Curry goat

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Curry Goat
Curry Goat and Rice.jpg
Curry goat is served at events celebrating Caribbean culture such as the Notting Hill Carnival
Alternative names Goat Curry, Bakri Curry, or Curry Bakri
Type Curry
Place of origin Indian subcontinent
Region or state Southeast Asia (Indonesia and Malaysia), the Caribbean (Trinidad and Tobago, Jamaica, Guyana, Suriname)
Main ingredients Goat meat, curry powder, Scotch Bonnet peppers, curry leaves, Indian spices

Curry goat is a curry dish prepared with goat meat. The dish originated in the Indian subcontinent; and has become popular in Southeast Asian and Indo-Caribbean cuisine. In Southeast Asia, the dish was brought by Indian diaspora in the region, and subsequently has influenced local cuisine. This dish has spread throughout the Caribbean and also the Indo-Caribbean diaspora in North America and Europe.

Roti cane served with kari kambing (goat meat and potato curry), in an Aceh Restaurant, Indonesia.

In Indonesia, the dish is called kari kambing, and usually served with roti cane flatbread or steamed rice. Kare or kari (curry) is Indian influenced dishes commonly found in Indonesia, Malaysia and Singapore. Goat curry is popular among Muslim community in the region.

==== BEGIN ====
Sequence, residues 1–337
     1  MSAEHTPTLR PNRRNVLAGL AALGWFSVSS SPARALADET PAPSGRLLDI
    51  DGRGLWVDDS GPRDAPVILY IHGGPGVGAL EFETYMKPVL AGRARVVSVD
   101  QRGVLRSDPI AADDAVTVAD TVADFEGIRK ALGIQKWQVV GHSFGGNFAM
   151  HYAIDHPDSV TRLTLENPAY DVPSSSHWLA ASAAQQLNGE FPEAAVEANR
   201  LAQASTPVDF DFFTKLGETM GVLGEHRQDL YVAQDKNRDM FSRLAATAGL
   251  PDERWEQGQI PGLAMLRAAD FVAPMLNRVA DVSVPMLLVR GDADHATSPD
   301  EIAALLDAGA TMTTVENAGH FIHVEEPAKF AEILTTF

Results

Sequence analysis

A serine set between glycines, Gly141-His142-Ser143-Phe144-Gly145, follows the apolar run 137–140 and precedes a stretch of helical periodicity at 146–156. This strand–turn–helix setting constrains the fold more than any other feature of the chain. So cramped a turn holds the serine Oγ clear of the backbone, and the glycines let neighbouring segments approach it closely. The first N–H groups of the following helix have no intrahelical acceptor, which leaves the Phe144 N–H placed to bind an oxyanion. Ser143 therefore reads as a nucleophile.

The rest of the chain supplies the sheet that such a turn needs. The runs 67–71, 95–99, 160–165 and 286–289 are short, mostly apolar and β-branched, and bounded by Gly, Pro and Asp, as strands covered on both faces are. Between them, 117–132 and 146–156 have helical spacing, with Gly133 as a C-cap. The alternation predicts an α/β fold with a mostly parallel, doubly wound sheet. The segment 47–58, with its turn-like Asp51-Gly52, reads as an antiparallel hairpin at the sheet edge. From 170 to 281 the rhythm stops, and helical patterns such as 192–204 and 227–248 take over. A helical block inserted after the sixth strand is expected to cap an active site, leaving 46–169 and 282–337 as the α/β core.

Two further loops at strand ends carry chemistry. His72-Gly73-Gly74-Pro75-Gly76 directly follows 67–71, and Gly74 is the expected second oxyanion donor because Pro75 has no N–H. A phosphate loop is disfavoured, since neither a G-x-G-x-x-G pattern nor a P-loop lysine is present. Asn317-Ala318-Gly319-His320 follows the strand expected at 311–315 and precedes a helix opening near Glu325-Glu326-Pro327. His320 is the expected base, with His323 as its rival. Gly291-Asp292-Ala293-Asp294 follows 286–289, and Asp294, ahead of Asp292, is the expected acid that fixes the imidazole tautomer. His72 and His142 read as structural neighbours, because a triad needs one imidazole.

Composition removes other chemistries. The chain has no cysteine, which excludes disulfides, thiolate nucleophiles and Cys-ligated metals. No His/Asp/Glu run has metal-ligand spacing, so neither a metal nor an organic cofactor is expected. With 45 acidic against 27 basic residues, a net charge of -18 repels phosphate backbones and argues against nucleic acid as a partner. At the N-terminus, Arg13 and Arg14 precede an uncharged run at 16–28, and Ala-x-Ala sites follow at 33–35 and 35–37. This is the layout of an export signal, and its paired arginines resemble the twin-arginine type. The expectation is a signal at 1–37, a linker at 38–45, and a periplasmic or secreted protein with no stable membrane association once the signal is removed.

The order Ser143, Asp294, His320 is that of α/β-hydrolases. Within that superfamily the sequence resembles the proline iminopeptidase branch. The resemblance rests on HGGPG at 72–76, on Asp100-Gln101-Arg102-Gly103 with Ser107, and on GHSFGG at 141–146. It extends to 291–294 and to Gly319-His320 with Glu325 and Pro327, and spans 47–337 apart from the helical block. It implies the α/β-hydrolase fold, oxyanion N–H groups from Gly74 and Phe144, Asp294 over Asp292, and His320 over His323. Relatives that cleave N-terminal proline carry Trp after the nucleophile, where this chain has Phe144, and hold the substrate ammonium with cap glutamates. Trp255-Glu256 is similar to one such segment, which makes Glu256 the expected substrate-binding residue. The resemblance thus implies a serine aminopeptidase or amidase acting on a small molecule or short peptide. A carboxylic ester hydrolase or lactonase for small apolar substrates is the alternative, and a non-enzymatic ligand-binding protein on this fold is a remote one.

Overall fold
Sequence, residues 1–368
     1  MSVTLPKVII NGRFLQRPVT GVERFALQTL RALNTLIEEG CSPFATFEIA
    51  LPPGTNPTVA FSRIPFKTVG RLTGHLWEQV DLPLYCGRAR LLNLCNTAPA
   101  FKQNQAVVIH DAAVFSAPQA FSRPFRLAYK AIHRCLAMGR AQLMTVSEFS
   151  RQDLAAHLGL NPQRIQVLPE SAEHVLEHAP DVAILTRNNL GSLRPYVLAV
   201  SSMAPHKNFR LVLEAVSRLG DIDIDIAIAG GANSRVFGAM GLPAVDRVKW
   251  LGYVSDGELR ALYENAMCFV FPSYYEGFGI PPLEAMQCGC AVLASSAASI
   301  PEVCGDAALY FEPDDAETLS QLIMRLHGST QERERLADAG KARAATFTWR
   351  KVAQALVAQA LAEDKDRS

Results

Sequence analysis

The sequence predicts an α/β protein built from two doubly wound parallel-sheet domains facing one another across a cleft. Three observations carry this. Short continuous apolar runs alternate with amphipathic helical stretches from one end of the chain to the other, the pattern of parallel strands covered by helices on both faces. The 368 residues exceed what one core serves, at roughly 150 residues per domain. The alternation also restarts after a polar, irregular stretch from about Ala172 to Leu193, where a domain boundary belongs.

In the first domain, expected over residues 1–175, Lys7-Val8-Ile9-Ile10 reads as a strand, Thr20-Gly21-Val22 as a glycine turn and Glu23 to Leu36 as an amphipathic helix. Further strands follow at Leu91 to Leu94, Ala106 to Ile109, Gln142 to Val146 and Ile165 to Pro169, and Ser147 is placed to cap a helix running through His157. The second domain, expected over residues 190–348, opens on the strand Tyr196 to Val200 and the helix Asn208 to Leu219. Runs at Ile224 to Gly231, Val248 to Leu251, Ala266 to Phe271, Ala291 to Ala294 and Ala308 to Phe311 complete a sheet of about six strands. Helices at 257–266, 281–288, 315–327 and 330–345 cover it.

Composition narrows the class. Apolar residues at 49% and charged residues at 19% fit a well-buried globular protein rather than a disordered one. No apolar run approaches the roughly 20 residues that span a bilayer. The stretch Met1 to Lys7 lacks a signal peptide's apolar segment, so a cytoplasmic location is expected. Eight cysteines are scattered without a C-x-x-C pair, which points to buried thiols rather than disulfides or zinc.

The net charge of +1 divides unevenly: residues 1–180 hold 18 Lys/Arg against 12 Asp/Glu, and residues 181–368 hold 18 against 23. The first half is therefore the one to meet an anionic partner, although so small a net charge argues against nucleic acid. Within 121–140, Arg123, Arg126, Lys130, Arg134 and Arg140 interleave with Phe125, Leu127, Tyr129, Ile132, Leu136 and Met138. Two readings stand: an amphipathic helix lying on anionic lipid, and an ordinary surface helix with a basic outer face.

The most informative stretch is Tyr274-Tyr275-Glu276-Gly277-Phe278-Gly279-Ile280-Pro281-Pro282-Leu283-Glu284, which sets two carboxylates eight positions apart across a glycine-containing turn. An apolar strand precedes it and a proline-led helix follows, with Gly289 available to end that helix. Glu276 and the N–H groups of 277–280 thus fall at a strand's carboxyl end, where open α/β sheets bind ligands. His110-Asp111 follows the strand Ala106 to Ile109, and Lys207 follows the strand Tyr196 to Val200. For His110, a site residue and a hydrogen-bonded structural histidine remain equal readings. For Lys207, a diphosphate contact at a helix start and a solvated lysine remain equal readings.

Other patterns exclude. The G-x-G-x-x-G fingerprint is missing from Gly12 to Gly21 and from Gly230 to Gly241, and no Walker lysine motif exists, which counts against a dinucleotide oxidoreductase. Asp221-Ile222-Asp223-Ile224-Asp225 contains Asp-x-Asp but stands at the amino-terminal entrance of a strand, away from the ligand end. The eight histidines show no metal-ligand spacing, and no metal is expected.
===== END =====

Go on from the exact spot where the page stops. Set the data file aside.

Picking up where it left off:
Curry goat is a dish that is made during special occasions in India, Bangladesh, Pakistan and Nepal. Goat is a popular meat of choice for Hindus because they do not eat beef and for Muslims because they do not eat pork, so it is a good medium. It is also a popular party dish in Jamaica, and at a "big dance" a local expert or "specialist" is often brought in to cook it.[1] It is flavoured with a spice mix that is typical of Indo-Jamaican cooking and Scotch Bonnet Peppers; it is almost always served with rice, dal bhat, or roti and, in restaurants in North America and Europe, other typically Caribbean side dishes such as fried plantain may be served as an accompaniment. There are many variations on the dish that include using mutton when goat is not available or bulking it out with potatoes.

It is very popular during Eid al-Adha, which is when a goat is sacrificed by Muslim Indo-Caribbeans.

Whilst formerly served mainly at weddings and other celebrations, curry goat is now eaten more frequently as those who enjoy it are becoming more affluent and can afford to eat more healthily as goat is a comparatively low fat red meat.[citation needed] In Britain, the carnivals in St Pauls, Bristol and Notting Hill, London and other Caribbean cultural events will usually have curry goat available as well as other regional foods.

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